Now for the first time ever anywhere in the world, the technology was available to kill red rice in a commercial rice field without harming the seeded rice plants. It took several years for the breeding work to be conducted and for the herbicide to be registered for use in rice by the U.S. Environmental Protection Agency. The technology was licensed under the name Clearfield and the imazethapyr herbicide used in the system is called NewPath. The first commercial production of Clearfield rice in Louisiana was in 2002.The use of this technology grew after the initial introduction, and by 2012, more than 65 percent of the rice acreage in the southern U.S. was seeded with Clearfield varieties and hybrids. Since 2002, the Rice Research Station has released nine Clearfield rice varieties (both long- and medium-grain) for use by Louisiana rice producers. This technology has dramatically improved yield as well as quality of the rice produced on many Louisiana rice fields.

In addition, this technology has changed the way many Louisiana producers grow rice. Prior to Clearfield rice, most farmers water-seeded rice as a means of culturally controlling red rice. With this system, a field would be flooded and then worked in the water with an implement to destroy any existing vegetation, including any germinated red rice. Sometime later, the field would be broadcast-seeded with an airplane. After a few days to allow for germination and growth, the field would be drained for a short time to allow the roots of the small seedlings to penetrate the soil. The field would then be reflooded before the soil was allowed to crack. The small rice plants would then be allowed to grow through the shallow flood. This system can minimize red rice by depriving the red rice seed in the soil of oxygen, which is needed for germination. This system only suppressed red rice at best and sometimes was not very successful in doing so.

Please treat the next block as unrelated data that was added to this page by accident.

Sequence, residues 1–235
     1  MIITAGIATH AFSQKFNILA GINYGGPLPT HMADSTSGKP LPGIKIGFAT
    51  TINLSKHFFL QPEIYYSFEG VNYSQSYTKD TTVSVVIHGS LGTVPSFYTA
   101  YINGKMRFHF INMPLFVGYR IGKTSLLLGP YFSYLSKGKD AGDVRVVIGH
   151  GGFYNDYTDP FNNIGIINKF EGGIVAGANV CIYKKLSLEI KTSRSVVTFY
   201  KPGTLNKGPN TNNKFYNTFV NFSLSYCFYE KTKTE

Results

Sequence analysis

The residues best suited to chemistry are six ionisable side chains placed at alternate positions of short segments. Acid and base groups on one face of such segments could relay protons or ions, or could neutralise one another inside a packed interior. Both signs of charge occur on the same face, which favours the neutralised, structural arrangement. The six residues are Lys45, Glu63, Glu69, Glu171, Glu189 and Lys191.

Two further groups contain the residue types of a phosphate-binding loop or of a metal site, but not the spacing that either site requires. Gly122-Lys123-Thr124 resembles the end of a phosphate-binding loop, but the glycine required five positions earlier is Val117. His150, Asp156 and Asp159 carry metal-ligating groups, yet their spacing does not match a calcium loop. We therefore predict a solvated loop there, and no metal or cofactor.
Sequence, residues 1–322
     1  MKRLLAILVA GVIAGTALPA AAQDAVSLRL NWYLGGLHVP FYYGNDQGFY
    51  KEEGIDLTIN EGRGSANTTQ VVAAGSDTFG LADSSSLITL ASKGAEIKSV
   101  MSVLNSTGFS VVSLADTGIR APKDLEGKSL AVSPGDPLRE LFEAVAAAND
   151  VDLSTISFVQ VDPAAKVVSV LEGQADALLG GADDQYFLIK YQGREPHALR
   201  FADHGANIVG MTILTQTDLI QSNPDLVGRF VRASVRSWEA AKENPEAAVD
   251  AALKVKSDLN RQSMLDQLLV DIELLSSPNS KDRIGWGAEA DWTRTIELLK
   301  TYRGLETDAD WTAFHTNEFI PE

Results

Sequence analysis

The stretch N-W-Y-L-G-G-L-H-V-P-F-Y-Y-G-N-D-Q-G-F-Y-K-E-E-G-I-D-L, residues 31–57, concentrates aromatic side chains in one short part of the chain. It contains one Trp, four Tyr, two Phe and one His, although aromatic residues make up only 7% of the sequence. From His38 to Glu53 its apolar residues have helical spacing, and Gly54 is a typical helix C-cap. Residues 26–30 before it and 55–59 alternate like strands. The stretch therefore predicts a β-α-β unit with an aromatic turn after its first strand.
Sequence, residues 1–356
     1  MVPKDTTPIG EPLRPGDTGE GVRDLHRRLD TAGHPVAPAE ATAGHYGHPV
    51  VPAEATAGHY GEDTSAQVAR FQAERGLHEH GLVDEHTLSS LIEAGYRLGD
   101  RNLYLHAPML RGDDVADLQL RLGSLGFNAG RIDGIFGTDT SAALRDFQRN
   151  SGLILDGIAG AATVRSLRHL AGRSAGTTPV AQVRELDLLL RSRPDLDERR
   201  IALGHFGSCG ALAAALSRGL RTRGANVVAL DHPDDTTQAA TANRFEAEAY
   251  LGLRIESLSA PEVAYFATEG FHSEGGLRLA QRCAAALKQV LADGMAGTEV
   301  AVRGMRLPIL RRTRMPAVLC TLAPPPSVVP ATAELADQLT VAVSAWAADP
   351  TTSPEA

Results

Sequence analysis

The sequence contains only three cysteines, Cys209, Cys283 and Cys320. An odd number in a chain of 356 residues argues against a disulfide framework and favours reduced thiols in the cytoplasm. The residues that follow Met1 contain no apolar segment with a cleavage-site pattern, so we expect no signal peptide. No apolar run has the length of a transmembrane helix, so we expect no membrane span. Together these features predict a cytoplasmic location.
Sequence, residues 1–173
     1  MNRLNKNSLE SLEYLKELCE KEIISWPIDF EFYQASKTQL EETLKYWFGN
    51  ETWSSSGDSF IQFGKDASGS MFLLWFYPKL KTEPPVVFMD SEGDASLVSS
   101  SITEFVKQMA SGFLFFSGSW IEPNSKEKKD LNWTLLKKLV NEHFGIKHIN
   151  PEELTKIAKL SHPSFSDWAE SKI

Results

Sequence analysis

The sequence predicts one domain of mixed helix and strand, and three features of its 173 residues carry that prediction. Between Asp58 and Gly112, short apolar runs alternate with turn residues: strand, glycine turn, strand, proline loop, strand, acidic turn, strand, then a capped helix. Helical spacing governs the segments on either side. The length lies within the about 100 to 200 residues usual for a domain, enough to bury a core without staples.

With Clearfield technology, famers can dry-seed (drill or dry-broadcast) fields. Not only does this system do a much better job of controlling red rice, it also allows for a reduction of the red rice seed in the soil. Remember that the water-seeding system depended on preventing buried seed from germinating, where dry-seeding allows for red rice seed germination after which the NewPath herbicide kills the red rice plants.

There are other advantages of the dry-seeded system. In the water-seeded system, when the fields are drained to allow the seedlings to anchor into the soil, there was often a high level of suspended soil particles in the water that moved into the receiving stream. Not only could this increase sediment levels in the stream but could also sometimes significantly decrease the dissolved oxygen levels. This is typically much less of an issue with dry-seeding, which makes this system more environmentally sound. Under some conditions, the dry-seeded system also reduces the total amount of irrigation water necessary to grow the rice crop. Some seedling diseases are more common in water-seeded rice as well.

In summary, the availability of Clearfield rice has been a game changer in Louisiana rice production in more ways than one.

Permission granted September 15, 2015 by B. Leonards (LA Farm & Ranch) to republish article on